If biosafety risk assessment systems were in place in African countries, it would open up opportunities for trade in genetically modified (GM) crops on the continent.
Above mentioned was according to Wadzi Mandivenyi, chief director for biodiversity monitoring at the Department of Environmental Affairs (DEA), who recently spoke to Farmer’s Weekly at a biosafety risk assessment workshop hosted by the DEA in Pretoria.
The five-day event was held in collaboration with the secretariat of the UN’s Convention on Biological Diversity for Anglophone African countries.
Representatives of several countries in the region discussed techniques used in modern biotechnology, and shared their respective countries’ experiences with the application of the Cartagena Protocol on Biosafety as well as risk assessment.
Adopted in 2000, this protocol is an international agreement with the purpose to ensure transportation, safe handling and use of living modified organisms resulting from modern biotechnology that may have unfavourable effects on biological diversity, and also takes into account risks to human health.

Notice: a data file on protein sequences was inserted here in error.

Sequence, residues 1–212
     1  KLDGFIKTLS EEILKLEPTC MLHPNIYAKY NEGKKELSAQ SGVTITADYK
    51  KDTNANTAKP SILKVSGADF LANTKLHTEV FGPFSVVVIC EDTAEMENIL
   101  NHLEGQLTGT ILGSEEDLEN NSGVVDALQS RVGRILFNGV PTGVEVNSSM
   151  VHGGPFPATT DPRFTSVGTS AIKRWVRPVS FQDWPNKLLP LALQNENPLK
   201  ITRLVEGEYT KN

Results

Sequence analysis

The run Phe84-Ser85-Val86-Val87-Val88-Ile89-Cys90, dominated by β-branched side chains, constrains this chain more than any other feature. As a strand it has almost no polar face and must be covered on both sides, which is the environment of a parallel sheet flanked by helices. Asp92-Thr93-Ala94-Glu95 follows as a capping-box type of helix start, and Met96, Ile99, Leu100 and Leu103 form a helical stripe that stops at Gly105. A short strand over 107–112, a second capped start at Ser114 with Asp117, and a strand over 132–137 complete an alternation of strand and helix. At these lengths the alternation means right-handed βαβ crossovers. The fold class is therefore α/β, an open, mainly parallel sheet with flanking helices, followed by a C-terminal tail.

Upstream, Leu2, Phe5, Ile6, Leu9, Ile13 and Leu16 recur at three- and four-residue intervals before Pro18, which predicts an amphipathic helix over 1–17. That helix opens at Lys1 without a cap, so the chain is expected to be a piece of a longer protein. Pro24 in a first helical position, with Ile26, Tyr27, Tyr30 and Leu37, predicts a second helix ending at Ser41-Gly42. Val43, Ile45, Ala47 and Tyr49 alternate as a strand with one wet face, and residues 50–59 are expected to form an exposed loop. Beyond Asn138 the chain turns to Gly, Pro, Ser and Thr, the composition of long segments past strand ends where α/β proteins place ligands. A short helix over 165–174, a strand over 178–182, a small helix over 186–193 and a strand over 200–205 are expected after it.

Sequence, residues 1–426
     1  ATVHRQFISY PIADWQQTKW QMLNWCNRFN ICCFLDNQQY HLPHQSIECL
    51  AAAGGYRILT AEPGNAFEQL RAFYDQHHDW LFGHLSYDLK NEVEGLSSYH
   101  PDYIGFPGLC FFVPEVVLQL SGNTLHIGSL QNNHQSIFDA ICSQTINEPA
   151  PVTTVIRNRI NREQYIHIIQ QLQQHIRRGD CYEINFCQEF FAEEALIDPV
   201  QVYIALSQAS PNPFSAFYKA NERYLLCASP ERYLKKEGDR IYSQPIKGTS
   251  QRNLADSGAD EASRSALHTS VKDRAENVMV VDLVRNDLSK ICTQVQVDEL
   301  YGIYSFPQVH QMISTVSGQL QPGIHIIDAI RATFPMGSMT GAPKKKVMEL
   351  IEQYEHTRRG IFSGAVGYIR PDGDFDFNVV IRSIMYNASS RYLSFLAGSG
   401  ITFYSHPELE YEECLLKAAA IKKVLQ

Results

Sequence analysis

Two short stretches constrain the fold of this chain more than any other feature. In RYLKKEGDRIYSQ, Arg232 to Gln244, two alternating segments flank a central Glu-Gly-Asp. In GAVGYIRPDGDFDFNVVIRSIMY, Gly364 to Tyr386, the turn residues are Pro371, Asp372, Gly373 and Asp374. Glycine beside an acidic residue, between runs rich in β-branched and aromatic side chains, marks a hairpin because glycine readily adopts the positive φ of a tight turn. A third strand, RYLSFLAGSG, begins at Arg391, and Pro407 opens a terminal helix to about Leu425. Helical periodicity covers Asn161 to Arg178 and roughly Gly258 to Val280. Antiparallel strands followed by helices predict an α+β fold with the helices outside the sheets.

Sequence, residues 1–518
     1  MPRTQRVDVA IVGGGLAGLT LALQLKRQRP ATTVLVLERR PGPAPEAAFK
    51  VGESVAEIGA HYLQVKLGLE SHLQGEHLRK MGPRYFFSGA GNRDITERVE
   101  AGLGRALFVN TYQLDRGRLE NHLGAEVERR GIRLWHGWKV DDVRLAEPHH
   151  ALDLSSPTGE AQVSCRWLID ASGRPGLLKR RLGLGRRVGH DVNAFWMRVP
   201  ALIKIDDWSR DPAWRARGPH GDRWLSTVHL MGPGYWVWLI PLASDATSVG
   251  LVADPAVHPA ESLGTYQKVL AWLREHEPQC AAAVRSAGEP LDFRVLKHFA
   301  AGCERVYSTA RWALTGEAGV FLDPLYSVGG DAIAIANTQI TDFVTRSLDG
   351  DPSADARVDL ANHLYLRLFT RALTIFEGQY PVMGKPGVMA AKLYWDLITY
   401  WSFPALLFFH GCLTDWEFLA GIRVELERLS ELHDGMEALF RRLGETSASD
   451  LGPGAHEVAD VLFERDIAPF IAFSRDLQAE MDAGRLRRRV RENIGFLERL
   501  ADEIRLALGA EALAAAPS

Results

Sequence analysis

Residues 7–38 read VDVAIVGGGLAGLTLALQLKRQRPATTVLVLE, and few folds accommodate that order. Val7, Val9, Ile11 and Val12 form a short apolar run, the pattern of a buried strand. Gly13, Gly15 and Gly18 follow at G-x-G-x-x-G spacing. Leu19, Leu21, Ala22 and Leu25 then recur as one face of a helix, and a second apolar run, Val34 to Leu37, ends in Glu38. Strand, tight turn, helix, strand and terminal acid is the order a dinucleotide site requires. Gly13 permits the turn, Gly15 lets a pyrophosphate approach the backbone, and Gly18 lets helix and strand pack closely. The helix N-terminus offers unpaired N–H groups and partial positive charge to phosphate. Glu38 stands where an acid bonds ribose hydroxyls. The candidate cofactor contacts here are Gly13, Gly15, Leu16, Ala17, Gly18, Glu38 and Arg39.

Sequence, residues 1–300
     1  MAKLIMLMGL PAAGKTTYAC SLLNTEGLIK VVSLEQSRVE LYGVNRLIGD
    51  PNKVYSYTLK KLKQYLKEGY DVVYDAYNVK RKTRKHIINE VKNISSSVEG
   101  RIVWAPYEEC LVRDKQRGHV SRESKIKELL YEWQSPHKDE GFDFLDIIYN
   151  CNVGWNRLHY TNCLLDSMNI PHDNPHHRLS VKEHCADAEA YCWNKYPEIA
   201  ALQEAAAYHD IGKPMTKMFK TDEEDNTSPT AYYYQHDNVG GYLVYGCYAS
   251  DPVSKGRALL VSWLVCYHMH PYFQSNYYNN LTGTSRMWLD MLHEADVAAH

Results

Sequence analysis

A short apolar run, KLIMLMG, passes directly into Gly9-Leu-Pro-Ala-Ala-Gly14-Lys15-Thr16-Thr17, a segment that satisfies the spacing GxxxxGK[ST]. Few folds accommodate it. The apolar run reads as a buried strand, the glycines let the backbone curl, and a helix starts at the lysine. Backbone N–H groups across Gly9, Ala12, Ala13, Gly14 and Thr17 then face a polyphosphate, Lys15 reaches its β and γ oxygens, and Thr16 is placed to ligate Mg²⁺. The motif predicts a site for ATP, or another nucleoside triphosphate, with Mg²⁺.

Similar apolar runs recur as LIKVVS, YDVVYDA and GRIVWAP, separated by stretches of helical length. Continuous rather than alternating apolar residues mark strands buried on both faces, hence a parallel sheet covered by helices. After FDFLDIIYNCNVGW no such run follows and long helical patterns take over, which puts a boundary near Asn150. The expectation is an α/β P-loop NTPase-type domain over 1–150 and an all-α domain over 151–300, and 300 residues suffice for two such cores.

The heads of African countries started to realise to guarantee sustainable development on the continent
When the African Union adopted Agenda 2063 to ensure, the heads of African countries started to realise that to guarantee development they needed to embrace technology, said Madivenyi.
There was currently no evidence of such effects in South Africa, even though there had been concerns about negative effects of GM crops on the environment and human health.
“The traditional approach is that South Africa is the only country on the continent that is using biotechnology, but that is changing with more countries [considering] the possibility of using biotechnology,” he said.
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